Ready to hit play on your favourite driving tune? Well, wait a hot minute!
Science has spoken.
Carvine has discovered that according to research done by the South China University of Technology, music that has a tempo of 120BPM or more is likely to make your driving style aggressive.
The study accounted for the type of music played, how fast drivers became while overtaking and how often. While under strictly monitored conditions, the study placed participants into a six-lane highway simulator.
We conducted a survey and out of 2300 people, 68% said that they are listening to music while driving, the rest listen to radio.
Let’s take a look at what we discovered:
Increase in Overtaking
Where drivers switched lanes more often (an average of 20 times in 70 minutes), heart rates increased, and rock music played. Not only this, but drivers also accelerated exponentially compared to when they listened to slower tempo music.
Overtaking at high speed, participants failed to notice the environment around them. Dangerous decisions were made, and accidents (in the simulator) were caused.
Beats per Minute (BPM)
One of the performance indicators studied showed that music with a higher BPM increased heart rate.
Rock music generally has a BPM of 110-140.
When you are listening to music with a higher BPM than your heartbeat, your behaviour alters too. Meaning, your brain will try to sync with the tempo you are listening to. Let’s face it, we all like a stomping tune.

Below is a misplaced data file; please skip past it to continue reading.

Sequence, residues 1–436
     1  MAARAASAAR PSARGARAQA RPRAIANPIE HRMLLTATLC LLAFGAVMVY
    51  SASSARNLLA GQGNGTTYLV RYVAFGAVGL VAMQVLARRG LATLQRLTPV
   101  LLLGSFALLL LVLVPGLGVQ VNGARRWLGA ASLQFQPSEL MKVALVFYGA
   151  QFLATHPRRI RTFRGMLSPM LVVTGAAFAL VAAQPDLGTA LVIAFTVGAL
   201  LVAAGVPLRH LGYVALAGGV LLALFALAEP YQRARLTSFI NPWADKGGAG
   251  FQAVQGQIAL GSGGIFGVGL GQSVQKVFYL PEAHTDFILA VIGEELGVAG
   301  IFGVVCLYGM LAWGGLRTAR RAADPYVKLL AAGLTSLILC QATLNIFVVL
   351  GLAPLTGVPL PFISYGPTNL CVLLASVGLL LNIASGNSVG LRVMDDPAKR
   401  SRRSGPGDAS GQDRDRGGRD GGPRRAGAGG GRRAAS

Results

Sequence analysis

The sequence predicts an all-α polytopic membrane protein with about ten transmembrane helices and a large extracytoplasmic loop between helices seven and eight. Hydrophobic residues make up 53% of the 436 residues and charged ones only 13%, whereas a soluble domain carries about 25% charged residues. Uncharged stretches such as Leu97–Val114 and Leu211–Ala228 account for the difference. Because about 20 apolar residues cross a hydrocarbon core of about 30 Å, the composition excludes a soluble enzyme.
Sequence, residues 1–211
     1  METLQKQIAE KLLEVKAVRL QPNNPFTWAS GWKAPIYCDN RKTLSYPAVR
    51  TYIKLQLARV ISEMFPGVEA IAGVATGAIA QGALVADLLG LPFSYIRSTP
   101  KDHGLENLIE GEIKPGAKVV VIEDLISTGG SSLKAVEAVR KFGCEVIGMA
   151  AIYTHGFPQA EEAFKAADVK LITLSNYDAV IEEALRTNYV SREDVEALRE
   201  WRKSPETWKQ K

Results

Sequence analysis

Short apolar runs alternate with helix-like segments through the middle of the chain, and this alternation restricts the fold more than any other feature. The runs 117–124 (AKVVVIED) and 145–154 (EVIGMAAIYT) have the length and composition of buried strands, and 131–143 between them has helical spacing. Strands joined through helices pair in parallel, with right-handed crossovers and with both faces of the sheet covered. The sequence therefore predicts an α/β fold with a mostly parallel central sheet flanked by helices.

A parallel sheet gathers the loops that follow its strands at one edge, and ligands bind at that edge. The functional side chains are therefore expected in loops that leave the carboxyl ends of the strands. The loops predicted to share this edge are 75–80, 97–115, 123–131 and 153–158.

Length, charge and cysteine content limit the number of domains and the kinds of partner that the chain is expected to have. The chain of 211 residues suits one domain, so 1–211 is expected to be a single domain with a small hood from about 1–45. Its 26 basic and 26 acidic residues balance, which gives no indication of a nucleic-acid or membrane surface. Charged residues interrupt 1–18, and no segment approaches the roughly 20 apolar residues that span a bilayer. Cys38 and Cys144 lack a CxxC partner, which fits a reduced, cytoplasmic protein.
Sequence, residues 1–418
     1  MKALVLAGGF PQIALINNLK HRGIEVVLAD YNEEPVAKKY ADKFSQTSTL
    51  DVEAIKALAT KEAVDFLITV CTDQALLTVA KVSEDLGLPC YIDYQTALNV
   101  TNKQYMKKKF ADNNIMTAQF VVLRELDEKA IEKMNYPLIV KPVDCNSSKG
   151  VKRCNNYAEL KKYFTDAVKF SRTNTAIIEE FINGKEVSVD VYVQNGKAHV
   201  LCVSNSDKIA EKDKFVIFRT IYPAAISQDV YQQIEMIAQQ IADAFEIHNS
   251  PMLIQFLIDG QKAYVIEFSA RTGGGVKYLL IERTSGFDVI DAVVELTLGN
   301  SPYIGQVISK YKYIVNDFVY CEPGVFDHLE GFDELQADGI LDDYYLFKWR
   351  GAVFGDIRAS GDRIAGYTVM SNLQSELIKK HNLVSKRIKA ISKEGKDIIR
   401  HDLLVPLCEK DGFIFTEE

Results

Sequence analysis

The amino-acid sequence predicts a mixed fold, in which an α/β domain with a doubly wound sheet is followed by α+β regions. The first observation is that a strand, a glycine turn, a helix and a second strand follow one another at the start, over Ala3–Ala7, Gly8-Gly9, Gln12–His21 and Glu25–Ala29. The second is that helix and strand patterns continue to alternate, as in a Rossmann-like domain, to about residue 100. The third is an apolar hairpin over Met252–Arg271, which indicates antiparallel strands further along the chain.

So, when your body is physically reacting to music while driving, your brain is in overload. Lower BPM, like folk, gentle rock, and pop, tend to put less stress on your mind. Concentration is increased, and focus is sharpened as a result.
Like so many of us, our music tastes tend to suit our personality. It can be responsible for who we become and challenges us in how we think.
Music is groundbreaking, foundational, and speaks to us.
When listening to the music played, the study saw participants change in mood, temperament and how they reacted to each situation.
Higher BPM encouraged more stress for the drivers, whereas the lower BPM saw a calmer driving experience. It also saw heightened responses to how participants responded. For instance, they showed anger when catching up to other cars.
Food for thought
So, the next time you want to go out for a drive, consider your tunes first.
For the more relaxed journey, it might be worth turning up Led Zeppelin, rather than the beloved Green Day.
You may even notice things that you have never seen before. Just by cracking out a different tune!
Check out the songs that made the list. Some may surprise you!